Treatments available in the United States have failed Steve. The author describes what sent her researching alternative treatments for her son. From his diagnosis to his prognosis of three months to live, the author feels she has been offered little hope and details her reasons for bringing her son to Mexico.
The author describes what is involved in Steve’s treatment at the Mexican clinic, where she and her son spend six weeks. She is both surprised and comforted by the presence of prominent Americans at the clinic, among them a U.S. senator and his son, an editor of a popular fitness magazine, and a cosmetics mogul. Steve’s condition begins to improve dramatically. For the first time, there is hope.
Life for Virginia and her son has been going surprisingly well. However, they encounter an abrupt change when they attempt to cross the border back into the United States with Steve’s serum. From there on, questions begin, hundreds of calls come in to Virginia’s home from cancer sufferers all over the world, including one from the royal Saudi family, as well as the media.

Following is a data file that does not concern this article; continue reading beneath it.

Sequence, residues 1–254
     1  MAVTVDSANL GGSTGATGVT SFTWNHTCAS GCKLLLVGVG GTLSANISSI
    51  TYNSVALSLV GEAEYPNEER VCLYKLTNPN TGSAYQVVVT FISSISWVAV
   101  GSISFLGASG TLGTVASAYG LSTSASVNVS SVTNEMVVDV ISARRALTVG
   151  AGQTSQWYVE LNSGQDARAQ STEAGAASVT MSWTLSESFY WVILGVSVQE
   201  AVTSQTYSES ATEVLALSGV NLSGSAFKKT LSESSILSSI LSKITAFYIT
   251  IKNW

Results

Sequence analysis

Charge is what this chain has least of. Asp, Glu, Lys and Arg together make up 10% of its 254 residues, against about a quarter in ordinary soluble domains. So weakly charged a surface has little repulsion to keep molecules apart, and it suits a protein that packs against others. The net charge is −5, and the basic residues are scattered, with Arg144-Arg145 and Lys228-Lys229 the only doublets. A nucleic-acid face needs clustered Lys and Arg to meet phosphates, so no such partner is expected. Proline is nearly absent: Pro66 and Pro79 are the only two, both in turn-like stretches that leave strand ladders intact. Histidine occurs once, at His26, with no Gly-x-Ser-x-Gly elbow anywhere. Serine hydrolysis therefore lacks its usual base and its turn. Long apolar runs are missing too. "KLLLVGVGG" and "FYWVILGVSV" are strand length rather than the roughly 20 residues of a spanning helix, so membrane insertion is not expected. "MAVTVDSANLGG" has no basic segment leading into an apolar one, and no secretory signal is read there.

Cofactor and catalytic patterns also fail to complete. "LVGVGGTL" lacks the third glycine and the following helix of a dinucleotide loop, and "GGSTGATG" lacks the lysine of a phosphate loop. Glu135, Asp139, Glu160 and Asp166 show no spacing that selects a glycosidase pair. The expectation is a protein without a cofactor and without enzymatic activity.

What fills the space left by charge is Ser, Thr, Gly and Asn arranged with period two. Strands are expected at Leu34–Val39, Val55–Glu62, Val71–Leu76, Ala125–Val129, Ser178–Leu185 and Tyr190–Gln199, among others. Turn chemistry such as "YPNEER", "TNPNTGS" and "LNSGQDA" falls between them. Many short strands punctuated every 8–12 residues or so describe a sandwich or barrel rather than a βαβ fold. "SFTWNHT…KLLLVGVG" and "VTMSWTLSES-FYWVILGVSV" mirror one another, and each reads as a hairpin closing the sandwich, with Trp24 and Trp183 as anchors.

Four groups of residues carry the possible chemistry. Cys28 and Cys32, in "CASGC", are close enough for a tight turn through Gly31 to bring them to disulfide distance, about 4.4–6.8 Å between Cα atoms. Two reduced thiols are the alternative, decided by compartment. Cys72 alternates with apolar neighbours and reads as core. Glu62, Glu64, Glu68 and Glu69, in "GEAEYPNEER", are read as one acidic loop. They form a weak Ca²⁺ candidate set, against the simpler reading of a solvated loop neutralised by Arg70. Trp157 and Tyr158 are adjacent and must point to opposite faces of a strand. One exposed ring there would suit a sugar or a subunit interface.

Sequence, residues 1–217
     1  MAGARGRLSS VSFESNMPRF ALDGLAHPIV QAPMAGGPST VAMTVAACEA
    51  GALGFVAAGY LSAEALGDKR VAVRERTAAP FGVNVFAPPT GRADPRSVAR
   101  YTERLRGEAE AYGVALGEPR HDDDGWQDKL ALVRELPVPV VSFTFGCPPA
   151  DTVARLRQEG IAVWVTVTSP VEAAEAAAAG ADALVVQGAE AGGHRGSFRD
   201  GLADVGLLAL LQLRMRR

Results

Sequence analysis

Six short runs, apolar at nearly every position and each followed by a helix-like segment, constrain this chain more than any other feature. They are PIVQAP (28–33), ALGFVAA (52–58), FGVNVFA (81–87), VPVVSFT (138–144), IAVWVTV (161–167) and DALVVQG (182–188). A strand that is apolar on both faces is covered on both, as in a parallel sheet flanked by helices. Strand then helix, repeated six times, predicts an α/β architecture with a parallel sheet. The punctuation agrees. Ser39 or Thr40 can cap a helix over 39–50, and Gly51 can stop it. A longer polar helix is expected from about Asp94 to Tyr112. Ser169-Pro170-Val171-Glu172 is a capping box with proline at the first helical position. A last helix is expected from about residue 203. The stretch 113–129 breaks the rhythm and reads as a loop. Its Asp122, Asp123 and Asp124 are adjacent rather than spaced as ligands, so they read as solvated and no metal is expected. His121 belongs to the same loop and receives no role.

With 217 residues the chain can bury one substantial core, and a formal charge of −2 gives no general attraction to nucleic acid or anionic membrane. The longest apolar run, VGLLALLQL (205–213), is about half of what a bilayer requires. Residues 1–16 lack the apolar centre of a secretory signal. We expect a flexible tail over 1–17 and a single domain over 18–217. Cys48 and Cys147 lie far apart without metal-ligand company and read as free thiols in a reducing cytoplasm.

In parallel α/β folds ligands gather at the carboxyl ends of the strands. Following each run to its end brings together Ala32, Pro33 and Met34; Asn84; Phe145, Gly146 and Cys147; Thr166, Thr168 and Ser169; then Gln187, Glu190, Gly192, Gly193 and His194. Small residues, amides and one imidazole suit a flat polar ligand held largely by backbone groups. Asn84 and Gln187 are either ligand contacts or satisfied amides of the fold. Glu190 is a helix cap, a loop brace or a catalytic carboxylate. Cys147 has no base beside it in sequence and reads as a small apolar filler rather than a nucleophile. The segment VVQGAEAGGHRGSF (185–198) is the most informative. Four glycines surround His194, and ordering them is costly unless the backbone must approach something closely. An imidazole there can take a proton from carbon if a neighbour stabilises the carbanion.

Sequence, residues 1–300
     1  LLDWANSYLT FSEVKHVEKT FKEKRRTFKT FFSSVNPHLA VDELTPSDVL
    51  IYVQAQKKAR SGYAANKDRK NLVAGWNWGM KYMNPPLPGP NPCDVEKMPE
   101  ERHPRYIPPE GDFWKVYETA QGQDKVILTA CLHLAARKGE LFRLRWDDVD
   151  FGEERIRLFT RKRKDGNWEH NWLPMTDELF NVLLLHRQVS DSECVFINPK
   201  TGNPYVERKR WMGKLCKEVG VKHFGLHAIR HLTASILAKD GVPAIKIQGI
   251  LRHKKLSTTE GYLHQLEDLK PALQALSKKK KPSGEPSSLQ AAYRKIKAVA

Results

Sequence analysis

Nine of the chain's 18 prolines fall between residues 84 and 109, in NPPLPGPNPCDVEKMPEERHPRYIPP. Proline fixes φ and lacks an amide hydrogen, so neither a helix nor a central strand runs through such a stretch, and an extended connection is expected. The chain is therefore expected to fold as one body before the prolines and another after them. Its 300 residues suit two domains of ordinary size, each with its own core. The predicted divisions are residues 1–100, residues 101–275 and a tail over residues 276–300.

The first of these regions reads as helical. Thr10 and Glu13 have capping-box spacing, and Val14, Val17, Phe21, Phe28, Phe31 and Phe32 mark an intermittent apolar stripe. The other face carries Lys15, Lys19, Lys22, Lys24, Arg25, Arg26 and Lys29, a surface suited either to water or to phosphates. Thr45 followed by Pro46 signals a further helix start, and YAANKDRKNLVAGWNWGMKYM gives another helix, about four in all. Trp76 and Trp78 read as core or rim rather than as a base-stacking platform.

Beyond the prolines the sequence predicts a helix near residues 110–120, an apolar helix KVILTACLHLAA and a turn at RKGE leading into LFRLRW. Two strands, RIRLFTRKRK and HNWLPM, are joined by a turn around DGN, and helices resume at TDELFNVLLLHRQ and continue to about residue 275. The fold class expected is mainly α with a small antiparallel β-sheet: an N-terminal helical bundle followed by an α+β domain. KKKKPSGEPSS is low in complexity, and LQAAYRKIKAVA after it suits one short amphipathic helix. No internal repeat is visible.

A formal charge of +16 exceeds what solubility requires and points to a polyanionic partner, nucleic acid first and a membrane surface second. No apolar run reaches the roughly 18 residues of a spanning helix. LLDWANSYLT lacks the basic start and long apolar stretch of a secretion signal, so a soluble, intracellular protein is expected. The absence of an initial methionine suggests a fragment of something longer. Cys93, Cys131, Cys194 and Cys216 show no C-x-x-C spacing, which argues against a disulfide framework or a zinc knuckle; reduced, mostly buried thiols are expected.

Virginia takes Steve back to his regular doctor in the U.S. for an MRI. The medical team conducting the exam is confused. The tests show that Steve’s tumor has shrunk significantly. They test Steve again, this time with a different machine (believing the first one wasn’t operating properly), but obtain the same results. They ask Virginia about Steve regimen, then tell her, “just keep doing what you’re doing.”
Virginia meets with Steve’s surgeon, who believes the shrinkage is due to spontaneous remission, and therefore that his improvement won’t continue. She explains that Steve has been receiving specialized treatment in Mexico. The surgeon warns Virginia that Laetrile a waste of her money and time.